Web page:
December 4, 2010

Ooops, We Missed A Few

For some reason scientists are always amazed when they underestimate God's Creation. Whether you examine if from the mega- to the micro- or yacto-scale, it's bigger, it's faster, it's smaller, it's expanding; and we are continually confounded by the complexities of its simplest, most elemental components. From the Christian Science Monitor:

It's a cosmic embarrassment of riches – the universe appears to hold three times the number of stars many astronomers might have estimated only a year ago.

That's the implication a pair of scientists has drawn after measuring eight huge elliptical galaxies that they selected from two vast galaxy clusters located between 53 million to 321 million light-years from Earth.

With as many as 200 billion galaxies in the observable universe, each with hundreds of billions of stars, the result – if it holds up – implies an enormous number of additional burning gas balls out there, with intriguing implications for explanations of how stars and galaxies form and evolve, researchers say.

The cause of this huge revision of the stellar census are stars known as red dwarfs, literally the dimmest stellar bulbs on the shelf. These stars weigh in at no more than about 30 percent of the sun's mass.

Surveys of our own galaxy, the Milky Way, have found that these dwarfs outnumber sun-like stars by about 100 to 1, explains Pieter van Dokkum, an astronomer at Yale University in New Haven, Conn. But the dwarfs are so dim and other galaxies so distant that red dwarfs fail to appear when astronomers try to account for the stars other galaxies contain.

Scientists have tried to estimate the number of stars in the universe - as if they know how big the universe really is. What they can do is measure what is detectable to the human senses through instruments constructed by Man. And apparently that's not good enough. With this latest discovery, estimates for this number now range as high as 300 sextillion.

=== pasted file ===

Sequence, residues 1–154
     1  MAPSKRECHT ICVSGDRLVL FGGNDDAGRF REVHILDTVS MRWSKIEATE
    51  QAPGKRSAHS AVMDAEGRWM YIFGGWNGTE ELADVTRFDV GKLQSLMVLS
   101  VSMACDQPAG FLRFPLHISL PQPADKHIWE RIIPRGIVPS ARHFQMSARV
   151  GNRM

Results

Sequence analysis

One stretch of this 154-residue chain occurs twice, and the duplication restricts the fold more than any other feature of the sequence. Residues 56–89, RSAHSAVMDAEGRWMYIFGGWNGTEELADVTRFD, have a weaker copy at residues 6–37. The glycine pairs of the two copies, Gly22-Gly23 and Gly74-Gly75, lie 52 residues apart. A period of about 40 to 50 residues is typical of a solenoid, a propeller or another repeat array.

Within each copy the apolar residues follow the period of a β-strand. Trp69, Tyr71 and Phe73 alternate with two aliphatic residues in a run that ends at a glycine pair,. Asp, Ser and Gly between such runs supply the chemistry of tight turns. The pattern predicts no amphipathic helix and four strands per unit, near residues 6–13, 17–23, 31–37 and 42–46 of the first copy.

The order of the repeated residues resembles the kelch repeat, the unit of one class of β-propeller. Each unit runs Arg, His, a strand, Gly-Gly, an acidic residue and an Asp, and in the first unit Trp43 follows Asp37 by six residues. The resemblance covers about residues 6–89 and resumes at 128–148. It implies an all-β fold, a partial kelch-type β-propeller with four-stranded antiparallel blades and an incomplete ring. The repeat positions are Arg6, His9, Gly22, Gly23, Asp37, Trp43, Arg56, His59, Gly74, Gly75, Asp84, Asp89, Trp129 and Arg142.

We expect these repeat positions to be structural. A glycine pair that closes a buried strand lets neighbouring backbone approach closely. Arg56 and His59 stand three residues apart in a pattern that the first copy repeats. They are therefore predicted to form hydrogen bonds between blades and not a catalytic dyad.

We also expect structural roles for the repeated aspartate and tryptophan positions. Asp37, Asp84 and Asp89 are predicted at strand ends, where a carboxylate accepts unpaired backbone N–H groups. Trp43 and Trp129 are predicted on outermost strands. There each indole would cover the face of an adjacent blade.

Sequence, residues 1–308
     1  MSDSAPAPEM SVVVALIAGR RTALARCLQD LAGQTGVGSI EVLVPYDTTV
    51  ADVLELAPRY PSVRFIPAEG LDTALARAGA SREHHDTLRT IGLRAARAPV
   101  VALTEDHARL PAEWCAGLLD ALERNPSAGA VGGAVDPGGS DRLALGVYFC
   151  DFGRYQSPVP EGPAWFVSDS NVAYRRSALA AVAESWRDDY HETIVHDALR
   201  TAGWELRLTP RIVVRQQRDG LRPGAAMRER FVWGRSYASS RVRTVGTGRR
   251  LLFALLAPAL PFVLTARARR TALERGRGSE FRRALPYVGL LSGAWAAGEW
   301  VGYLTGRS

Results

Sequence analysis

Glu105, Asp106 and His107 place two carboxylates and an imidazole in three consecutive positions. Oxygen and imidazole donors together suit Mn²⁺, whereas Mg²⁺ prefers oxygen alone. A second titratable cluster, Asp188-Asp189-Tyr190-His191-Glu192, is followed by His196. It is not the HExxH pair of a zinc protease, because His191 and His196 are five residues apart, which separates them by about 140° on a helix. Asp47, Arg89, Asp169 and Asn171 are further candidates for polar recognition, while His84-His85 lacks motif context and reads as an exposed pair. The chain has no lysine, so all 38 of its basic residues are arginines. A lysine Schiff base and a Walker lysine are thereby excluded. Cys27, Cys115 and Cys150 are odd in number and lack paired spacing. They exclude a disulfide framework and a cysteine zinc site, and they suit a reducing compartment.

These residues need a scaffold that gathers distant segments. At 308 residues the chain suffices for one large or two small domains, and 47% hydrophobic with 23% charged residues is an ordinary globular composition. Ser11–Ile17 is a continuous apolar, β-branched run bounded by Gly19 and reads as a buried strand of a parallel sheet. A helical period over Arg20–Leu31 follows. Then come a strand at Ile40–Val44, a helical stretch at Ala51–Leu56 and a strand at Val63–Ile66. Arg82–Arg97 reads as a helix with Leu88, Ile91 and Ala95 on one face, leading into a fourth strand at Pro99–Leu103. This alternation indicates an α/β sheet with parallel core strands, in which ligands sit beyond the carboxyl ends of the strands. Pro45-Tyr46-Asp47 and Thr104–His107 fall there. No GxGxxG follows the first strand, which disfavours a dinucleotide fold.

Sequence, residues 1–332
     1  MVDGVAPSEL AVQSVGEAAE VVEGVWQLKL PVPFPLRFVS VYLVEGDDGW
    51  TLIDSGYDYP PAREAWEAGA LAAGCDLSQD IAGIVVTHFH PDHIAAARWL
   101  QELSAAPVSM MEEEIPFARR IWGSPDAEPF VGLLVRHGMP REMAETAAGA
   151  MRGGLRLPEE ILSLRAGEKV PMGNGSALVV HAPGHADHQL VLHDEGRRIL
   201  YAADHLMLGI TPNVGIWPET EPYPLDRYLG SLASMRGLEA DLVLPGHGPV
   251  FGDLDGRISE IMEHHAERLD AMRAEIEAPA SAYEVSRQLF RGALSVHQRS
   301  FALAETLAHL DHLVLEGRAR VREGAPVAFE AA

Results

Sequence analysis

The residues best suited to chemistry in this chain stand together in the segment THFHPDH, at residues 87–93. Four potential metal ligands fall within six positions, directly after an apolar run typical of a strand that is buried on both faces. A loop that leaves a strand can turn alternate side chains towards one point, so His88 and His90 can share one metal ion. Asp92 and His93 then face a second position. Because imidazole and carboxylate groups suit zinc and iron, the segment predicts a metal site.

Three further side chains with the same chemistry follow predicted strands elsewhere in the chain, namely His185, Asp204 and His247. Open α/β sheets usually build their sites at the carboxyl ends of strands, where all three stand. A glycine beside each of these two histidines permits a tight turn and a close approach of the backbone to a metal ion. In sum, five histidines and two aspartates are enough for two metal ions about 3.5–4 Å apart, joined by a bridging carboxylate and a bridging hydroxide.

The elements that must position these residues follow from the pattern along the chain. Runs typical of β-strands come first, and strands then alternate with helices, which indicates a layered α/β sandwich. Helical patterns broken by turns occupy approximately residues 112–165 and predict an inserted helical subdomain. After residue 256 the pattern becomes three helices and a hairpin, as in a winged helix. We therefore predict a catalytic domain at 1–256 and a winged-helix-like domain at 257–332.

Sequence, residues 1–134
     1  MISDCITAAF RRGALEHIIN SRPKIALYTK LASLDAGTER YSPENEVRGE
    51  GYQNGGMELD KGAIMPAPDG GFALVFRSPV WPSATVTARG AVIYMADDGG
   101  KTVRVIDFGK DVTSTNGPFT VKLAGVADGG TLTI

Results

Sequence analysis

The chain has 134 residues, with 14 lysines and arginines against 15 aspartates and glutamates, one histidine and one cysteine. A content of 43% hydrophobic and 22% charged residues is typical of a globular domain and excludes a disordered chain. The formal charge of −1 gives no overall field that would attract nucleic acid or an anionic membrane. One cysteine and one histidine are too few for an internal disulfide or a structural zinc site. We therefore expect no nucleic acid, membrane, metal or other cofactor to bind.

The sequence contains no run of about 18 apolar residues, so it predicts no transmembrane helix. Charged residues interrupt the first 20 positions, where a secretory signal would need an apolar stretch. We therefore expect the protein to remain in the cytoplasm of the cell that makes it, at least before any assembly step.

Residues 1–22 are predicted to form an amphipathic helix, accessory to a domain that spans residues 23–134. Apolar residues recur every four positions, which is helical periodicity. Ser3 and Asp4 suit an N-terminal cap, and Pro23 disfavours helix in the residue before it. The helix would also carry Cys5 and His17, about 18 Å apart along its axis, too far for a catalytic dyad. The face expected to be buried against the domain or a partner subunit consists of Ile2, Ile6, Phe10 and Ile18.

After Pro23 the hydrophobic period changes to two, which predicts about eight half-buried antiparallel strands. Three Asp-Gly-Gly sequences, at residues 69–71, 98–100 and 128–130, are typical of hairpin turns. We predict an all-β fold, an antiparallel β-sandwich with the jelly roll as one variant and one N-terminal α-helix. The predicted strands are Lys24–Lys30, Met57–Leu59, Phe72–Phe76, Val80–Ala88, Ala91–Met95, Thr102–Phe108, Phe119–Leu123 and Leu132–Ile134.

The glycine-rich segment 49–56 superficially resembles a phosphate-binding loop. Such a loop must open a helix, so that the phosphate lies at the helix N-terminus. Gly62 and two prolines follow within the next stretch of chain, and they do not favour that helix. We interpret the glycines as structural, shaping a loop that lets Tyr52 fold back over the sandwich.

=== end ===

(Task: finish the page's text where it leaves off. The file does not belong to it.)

That's 300,000,000,000,000,000,000,000. Even Goomba's waist falls a bit below that.

But my question always comes back to this: where did it all start? Our world views are strongly influenced by this foundational belief; is it all mere chance or is there a Creator - a Supreme Omnipotent Engineer who designed all we sense around us and beyond even what our pitiful imaginations can suppose?

If you believe in a Creator, then you have an immutable, immovable foundation that upholds the Declaration of Independence and the US Constitution as the Founding Fathers conceived them. If not, then you do not hold to the notion of inalienable rights because they can exist only as long as the governing authority deigns to let you have them. Mankind has existed under the latter for millennia and only for a relatively short while under the former.

But I digress, back to the stars ... and hydrogen.

Our own familar blazing orb, the Sun, is a medium sized yellow star that is approximately 870,000 miles in diameter. It's volume is 338,000,000,000,000,000 - 338 quadrillion cubic miles. It is 332,946 times as massive as the earth. NASA estimates that the Sun burns 600 million tons of hydrogen every second.

If our own medium sized star runs through that much hydrogen in one second, how much hydrogen is needed to fuel 300 sextillion stars to burn for a second? For ten thousand years? A billion years? The numbers are beyond comprehension. And it is beyond comprehension how this mass, and a seemingly infinite amount more, came into existence in a twinkling ... by chance.

And therefore as a stranger give it welcome.
There are more things in heaven and earth, Horatio,
Than are dreamt of in your philosophy.


DC said...

Wow, great post, Sig.

The magnitude of the energy generated by our Sun ... a small star by comparison ... speaks of a powerful Creator indeed.

Your point re: the Declaration and the Constitution (a digression?) is really the debate today ... will we go down the post-modern brick road or no?

Finally, the allusion to Goomba's waist helped to put some of those gigantic numbers in context. Thank you.